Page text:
Rand Falls to Six-Month Low as S. Africa Projects Wider DeficitsBy
Both growth and revenue to fall short of earlier estimates
Currency seen sliding further in the run-up to ANC conference
The rand slid to the lowest in more than six months after South Africa forecast wider fiscal deficits over the next three years.
The currency fell for a fourth day against the dollar as Finance Minister Malusi Gigaba painted a bleak picture of the state of the country’s finances in his first mid-term budget on Wednesday, with growth and revenue set to fall well short of projections made in February. Yields on the nation’s bonds rose as the projections raised the risk of further credit-rating downgrades, with the nation’s debt already rated junk by S&P Global Ratings and Fitch Ratings Ltd.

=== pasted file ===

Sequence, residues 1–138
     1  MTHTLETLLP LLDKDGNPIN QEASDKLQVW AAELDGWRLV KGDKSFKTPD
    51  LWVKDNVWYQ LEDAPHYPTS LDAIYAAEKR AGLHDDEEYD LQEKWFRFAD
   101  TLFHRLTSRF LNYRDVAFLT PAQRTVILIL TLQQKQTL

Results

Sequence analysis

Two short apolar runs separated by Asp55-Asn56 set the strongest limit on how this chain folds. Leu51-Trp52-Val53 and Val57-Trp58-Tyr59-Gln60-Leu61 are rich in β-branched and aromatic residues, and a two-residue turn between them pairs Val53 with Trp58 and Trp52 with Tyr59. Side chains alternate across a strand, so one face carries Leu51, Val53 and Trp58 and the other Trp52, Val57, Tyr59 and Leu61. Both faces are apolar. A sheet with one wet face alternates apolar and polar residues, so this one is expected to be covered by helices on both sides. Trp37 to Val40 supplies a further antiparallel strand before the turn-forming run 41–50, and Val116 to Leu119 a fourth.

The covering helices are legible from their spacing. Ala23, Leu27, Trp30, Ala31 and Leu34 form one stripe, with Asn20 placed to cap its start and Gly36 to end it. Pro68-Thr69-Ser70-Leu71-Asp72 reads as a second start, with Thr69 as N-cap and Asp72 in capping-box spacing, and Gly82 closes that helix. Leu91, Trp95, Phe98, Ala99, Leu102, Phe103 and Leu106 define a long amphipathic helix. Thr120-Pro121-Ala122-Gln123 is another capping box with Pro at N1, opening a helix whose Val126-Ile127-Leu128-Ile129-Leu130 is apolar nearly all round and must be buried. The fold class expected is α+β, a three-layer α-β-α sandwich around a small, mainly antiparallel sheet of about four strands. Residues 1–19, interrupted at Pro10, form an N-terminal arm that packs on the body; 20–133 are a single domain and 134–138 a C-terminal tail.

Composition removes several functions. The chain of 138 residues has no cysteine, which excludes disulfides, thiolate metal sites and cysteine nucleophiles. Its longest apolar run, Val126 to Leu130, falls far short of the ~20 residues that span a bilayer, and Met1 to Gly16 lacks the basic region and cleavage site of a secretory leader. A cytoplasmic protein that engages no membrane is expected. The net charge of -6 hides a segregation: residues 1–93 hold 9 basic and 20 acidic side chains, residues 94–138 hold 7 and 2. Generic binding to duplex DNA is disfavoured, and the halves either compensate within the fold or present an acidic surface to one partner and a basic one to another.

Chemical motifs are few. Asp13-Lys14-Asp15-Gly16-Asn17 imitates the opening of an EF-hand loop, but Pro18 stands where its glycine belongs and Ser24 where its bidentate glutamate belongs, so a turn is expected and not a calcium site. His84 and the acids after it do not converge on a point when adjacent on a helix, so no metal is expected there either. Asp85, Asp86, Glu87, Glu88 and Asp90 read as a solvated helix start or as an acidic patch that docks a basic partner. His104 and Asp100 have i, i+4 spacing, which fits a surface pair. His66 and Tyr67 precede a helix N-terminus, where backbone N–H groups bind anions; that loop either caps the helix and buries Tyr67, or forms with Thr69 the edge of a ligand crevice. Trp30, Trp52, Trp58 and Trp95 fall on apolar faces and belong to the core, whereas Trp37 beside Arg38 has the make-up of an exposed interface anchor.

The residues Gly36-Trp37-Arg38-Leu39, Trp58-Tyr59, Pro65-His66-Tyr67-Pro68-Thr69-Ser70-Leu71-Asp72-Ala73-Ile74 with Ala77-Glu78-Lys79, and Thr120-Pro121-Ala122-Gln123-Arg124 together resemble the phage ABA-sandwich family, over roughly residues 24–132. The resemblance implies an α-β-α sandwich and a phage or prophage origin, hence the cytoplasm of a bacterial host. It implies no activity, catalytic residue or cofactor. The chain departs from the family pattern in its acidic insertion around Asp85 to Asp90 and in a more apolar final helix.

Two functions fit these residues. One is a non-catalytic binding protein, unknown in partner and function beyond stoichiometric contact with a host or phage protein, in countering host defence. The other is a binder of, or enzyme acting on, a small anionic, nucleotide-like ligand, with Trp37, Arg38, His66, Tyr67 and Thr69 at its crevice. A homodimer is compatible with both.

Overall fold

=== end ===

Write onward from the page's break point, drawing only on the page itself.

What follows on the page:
The mid-term budget comes a week after President Jacob Zuma rattled markets by shaking up the cabinet for the second time in seven months. Slow economic growth is hampering the state’s ability to meet its revenue targets, and any further rating downgrade could spur capital outflows out of the nation.
“Although it is of some small comfort that the Treasury brought realism into its projections, the fact remains that the country faces alarming consequences in growth, fiscal performance, and financial market stability stemming from possible credit rating downgrades,” said Phoenix Kalen, an emerging-market strategist at Societe Generale in London. “Although there may be a slight bounce after today’s sizeable slide, the bias on the rand is for further weakness in the lead-up to the December ANC conference.”
The rand traded 1.4 percent weaker at 13.9424 per dollar as of 2:40 p.m. in Johannesburg and touched 13.9459, its lowest since April 11. The yield on the nation’s 10-year bonds rose 16 basis points to 9.01 percent.